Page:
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Cheerleaders compete in national contest
Jan24

Cheerleaders compete in national contest

The Crusader cheerleading team has returned from their competition in Orlando, Florida from January 12-18 to support our basketball and sports teams for the rest of this year. The cheer team came away with 8th place, out of fourteen other contestants in their division. While the team has previously gone to the National Cheerleading Association (NCA) competitions, this is the first year the team has gome to the Universal Cheerleaders Association (UCA) Nationals competition in Orlando, Florida. This is also the first year they went to nationals with new head coach Amanda Wrinkler. This will be the fourth year the cheerleading team has gone to nationals since the team ended their fifteen-year hiatus in 2014. The team took a break from competing last year due to a change in coaches. The team is composed of 19 students, all of which competed in Orlando. The routine was choreographed by Wrinkler and a friend from Oklahoma who teaches varsity cheer. First, they made the skeleton of the routine based on the score sheet and then added on from there after watching the girls’ skillsets throughout the year. Prior to heading to Orlando, the Cru cheerleading team held a showcase event at the Mayborn Campus Center on Thursday, January 11, to show students, faculty and family members the routine they would perform in Orlando. Wrinkler said she decided to hold the showcase because she wanted to give them a chance to be in front of their peers and their community before they arrived because they wouldn’t get much support in person while there. Wrinkler said that a few parents would be going to Florida, but not many had the chance to and this event would provide an opportunity for families who can’t go. “It has turned out to be a really cool opportunity for everyone to see the routine before we go,” Wrinkler said on the night of the showcase. Sidney Locke is a freshman vocal performance major who attended the performance. “I thought the routine was great,” Locke said. “You could tell the practice… really paid off because they did a good job.” Another student who attended the showcase was graduate exercise phycology major Justis Kelly. “I thought routine was good and you could tell how hard they worked and how hard they were practicing.” Kelly said. Though they did not win championship, they are champions in the hearts of the UMHB...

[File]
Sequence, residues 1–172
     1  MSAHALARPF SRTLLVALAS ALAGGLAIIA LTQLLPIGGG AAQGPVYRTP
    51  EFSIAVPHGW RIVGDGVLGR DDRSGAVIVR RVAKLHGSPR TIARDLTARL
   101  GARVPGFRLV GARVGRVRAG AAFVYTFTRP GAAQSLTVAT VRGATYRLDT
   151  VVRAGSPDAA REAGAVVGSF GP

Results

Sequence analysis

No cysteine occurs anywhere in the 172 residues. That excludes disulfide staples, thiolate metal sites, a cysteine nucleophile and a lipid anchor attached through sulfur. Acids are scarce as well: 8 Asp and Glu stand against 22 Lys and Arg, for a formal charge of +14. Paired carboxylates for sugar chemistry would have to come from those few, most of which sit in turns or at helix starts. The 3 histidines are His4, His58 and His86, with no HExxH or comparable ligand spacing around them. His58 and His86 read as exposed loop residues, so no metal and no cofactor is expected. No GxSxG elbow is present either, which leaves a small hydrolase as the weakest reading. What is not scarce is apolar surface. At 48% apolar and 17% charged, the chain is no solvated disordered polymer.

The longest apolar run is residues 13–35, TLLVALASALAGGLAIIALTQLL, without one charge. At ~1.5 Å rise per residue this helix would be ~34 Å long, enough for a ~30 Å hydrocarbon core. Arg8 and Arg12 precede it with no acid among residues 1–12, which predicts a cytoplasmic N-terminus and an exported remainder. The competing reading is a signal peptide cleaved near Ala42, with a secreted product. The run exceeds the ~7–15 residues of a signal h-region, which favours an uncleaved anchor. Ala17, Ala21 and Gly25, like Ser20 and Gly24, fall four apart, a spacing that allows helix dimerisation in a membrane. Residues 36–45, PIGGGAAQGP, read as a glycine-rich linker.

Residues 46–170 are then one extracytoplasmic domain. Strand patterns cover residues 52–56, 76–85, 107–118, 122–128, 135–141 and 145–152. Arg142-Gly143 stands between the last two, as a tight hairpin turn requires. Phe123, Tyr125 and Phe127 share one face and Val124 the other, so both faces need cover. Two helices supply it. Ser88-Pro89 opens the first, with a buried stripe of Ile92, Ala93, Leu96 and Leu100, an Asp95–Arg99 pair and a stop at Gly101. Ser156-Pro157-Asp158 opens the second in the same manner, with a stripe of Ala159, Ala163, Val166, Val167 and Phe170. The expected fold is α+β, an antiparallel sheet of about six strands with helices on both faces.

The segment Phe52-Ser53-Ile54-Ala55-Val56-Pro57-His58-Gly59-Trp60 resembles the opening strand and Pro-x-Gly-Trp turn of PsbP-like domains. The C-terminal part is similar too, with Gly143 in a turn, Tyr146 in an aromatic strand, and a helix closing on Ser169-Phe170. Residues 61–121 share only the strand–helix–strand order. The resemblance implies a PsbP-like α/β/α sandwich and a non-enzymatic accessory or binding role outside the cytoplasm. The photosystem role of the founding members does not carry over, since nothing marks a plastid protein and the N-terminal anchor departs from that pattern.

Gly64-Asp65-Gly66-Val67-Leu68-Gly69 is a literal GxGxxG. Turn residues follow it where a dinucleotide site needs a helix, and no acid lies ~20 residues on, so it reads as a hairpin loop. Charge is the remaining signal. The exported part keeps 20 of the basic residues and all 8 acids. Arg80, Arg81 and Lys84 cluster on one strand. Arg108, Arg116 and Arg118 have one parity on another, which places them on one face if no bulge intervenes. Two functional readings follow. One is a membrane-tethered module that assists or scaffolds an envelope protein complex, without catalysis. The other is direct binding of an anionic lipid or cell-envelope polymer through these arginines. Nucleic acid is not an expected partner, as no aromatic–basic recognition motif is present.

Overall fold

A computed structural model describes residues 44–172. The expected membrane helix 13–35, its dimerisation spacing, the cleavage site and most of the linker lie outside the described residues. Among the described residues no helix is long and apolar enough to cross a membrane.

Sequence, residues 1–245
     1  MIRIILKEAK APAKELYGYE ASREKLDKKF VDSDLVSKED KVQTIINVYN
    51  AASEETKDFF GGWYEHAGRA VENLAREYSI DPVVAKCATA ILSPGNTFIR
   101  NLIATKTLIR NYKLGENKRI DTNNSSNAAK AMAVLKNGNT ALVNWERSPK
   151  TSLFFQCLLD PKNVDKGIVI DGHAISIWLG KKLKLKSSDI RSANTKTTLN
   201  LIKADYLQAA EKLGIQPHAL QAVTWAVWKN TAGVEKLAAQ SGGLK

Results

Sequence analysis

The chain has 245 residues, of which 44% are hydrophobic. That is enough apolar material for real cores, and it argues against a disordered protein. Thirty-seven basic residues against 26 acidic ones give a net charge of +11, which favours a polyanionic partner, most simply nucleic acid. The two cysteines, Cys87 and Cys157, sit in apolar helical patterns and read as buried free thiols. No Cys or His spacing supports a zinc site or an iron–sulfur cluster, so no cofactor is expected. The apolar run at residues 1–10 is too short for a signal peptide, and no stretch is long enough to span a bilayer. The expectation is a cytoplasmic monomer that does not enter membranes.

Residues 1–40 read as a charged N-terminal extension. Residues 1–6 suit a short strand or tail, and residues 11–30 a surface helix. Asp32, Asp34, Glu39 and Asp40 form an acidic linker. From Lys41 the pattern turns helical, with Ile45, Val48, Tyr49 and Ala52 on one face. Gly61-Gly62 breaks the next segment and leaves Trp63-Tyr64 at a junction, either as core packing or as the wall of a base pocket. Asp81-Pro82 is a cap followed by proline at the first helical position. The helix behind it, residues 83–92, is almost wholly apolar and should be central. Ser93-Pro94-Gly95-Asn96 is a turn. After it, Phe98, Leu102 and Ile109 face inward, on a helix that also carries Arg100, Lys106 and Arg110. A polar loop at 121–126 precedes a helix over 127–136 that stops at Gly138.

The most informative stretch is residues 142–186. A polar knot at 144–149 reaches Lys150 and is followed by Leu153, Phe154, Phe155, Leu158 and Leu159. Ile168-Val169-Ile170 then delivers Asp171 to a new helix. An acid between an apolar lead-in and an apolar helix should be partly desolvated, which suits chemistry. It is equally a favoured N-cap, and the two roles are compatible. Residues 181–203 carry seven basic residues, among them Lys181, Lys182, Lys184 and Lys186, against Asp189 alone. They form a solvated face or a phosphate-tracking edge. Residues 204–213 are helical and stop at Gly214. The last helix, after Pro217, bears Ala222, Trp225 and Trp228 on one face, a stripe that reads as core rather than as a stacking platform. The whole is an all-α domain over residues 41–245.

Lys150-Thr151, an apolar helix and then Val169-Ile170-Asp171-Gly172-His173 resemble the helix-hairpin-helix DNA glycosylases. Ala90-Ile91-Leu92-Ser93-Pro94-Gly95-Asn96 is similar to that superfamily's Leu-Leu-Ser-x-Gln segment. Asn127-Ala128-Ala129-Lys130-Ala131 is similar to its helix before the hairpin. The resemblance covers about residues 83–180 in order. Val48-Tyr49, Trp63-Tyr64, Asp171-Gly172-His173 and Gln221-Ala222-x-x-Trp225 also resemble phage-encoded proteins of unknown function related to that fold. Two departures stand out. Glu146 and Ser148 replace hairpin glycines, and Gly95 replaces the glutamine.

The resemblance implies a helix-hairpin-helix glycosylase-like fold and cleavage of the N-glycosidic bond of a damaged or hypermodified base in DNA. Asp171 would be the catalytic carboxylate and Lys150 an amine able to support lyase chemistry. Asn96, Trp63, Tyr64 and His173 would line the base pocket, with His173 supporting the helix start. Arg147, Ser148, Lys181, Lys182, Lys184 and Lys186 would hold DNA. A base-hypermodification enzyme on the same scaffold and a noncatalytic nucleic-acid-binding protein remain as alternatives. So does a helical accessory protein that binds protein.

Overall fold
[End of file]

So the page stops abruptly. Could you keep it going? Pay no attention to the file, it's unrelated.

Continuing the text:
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Cru Love: 1987 waterballoon prank turns life-long romance
Jan24

Cru Love: 1987 waterballoon prank turns life-long romance